“Lipstick is my bulletproof vest”: A sports women’s roundtable

Bridget and Meagan (1)
Managing Sports Editor Meagan Mckinley (left) and Copy Chief Bridget Dolan (right).

Senior Reporter

I, one among many men in the sports section, sat down with sports copy editor Bridget Dolan and managing sports editor Meagan McKinley to discuss marginalization and objectification in sports reporting and in general.

What do marginalization and objectification mean to you personally?

Bridget Dolan: Marginalization is [socially] this gap between you and where you have the right to be. And there’s some system in place that’s keeping this gap there preventing you from bridging that margin and getting where you need to be on equal footing. Objectification is fairly straightforward: You’re treated more like an object and less like a person. It’s dehumanizing.”

Meagan McKinley: The best picture I have when it comes to marginalization is when I walk into the press box for a football game and I’m the only female there as a writer, as someone doing stats, as somebody doing broadcasting, officiating, video, anything. I’m the only woman in the box and that just is uncomfortable because you have nobody who actually understands what that is like. It has an impact — sometimes you don’t ask your questions in a press conference because reporters are often older than you, they speak before you do. We were taught to raise our notebook when we have a question but they just say them, without taking into account the other reporters in the room.

Objectification, to me, is more men objectifying women in the media. Female reporters wear dresses, they wear heels — have you ever tried to wear heels on a football field — it doesn’t work if you’re doing an interview on a field of dirt. Turf can be sometimes harder. Men can get away with jeans, a button-down and a tie, and that’s not fair. And I don’t want to wear makeup, and I shouldn’t have to, even though women are being essentially forced to dress themselves up for the camera.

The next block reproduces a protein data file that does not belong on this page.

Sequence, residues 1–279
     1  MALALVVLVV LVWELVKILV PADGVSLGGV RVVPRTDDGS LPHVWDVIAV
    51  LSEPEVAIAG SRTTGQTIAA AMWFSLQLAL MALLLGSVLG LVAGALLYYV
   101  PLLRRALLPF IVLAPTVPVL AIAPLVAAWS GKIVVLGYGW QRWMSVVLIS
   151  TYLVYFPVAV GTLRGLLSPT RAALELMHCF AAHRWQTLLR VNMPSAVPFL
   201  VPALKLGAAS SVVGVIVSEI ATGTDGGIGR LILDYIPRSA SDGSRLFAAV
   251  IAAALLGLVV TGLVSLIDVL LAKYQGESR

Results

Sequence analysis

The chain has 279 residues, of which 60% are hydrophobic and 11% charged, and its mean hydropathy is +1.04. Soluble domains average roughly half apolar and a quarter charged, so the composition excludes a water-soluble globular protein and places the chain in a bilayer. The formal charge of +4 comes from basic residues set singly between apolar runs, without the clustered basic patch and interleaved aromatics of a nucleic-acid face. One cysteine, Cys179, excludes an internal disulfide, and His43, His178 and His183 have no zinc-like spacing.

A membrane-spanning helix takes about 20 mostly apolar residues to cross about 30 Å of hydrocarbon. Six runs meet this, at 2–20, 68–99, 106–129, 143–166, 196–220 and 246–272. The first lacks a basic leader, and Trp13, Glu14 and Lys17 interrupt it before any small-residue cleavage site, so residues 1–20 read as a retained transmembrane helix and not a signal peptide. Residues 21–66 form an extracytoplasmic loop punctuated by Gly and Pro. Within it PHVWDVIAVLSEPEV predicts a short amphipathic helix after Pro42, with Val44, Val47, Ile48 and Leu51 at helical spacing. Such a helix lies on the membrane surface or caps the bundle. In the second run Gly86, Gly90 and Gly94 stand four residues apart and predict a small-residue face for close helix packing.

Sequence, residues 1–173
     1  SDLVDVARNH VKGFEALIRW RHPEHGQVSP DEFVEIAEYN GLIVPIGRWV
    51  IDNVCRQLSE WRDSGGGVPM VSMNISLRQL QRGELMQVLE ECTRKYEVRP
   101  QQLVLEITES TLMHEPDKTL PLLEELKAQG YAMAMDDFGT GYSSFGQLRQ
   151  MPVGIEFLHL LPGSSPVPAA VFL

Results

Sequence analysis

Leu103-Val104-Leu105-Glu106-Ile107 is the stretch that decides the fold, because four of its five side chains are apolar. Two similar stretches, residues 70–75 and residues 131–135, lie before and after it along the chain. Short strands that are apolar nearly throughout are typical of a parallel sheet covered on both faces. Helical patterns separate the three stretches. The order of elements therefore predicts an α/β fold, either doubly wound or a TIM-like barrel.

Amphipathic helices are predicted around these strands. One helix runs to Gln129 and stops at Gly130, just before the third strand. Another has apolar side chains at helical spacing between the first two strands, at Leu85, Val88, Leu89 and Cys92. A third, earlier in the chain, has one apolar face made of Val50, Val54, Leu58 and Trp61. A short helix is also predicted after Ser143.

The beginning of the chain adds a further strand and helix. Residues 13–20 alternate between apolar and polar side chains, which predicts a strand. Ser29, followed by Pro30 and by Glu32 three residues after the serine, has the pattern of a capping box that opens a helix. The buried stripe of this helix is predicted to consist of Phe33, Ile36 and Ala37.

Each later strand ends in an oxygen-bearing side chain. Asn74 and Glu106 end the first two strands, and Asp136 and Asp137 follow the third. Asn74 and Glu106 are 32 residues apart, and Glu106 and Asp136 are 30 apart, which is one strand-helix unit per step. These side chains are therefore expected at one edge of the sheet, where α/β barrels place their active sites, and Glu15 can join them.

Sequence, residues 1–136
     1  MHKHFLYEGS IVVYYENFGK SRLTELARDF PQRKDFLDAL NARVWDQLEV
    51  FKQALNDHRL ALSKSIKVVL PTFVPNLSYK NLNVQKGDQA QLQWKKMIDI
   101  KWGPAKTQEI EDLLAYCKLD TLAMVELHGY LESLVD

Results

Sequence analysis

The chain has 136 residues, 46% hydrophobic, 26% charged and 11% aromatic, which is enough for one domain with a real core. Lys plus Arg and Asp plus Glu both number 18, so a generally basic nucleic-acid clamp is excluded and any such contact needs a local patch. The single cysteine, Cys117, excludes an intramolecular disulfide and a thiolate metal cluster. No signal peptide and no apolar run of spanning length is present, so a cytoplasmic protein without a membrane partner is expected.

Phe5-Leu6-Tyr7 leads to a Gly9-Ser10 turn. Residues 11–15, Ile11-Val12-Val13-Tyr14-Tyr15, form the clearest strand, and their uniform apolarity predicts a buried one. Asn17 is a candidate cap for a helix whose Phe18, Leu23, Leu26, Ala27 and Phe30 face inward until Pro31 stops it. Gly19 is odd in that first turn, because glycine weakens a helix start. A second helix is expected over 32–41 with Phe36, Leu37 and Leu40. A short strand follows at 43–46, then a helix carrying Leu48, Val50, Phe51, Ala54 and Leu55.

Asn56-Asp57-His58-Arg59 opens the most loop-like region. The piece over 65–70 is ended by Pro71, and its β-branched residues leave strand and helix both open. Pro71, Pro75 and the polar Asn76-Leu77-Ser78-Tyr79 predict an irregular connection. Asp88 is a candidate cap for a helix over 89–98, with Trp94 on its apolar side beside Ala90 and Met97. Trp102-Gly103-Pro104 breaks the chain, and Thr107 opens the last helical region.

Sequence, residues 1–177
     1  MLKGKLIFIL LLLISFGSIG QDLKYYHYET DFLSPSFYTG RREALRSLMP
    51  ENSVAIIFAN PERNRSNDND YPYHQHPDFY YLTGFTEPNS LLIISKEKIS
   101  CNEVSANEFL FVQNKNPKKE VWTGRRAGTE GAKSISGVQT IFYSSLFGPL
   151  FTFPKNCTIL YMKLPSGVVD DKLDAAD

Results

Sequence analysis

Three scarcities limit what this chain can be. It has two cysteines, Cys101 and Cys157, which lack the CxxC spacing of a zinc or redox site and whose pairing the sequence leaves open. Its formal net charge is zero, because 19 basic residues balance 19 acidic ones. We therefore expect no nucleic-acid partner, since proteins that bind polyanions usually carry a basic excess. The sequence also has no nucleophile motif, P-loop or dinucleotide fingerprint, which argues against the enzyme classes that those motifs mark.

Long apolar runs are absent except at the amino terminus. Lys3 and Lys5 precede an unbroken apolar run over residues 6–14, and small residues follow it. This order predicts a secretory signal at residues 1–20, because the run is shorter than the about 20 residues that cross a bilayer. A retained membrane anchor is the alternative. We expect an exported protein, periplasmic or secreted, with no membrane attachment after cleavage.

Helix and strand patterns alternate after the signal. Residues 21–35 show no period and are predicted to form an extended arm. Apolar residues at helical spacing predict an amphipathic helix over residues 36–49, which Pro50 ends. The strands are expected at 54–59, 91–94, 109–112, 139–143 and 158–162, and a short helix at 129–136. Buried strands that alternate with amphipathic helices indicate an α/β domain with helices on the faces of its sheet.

Have you personally ever experienced marginalization or objectification as a sports reporter?

Bridget Dolan: I haven’t really gotten the condescension as a sports reporter because I try to make it a point to cover women’s teams, so that’s a place where I feel welcome. I haven’t really experienced it myself, but I do know other people who have gone to other sports games and gotten looks like, ‘What are you doing here?’

When I go out into the field I put on lipstick and I dress femininely because I’m afraid of being discriminated against because of the fact that I don’t ordinarily dress very femininely. And so I put on lipstick, I do eyeliner, I do mascara and I’ll use a floral backpack. I kind of put on a girl costume because I don’t know how people will react and it’s scary. Lipstick is my bulletproof vest.

Meagan McKinley: For me, a lot of it comes down to the fact that I’m the college student. At football games, I’m surrounded by reporters who may have been on this beat for 20 years. So, he gets to ask the questions first, he sits in the front row of the press conference, he gets his requests for post-game interviews. That I put down more toward seniority over any kind of sexism, and that to me is fair. But at the same time, you can’t help but wonder, especially if you’re the only woman in the room, if there’s more to it than that. I get it more being a sports fan than a sports reporter. I don’t get any of the harassment from other reporters. But I have also only been exposed to a very, very small part of the industry.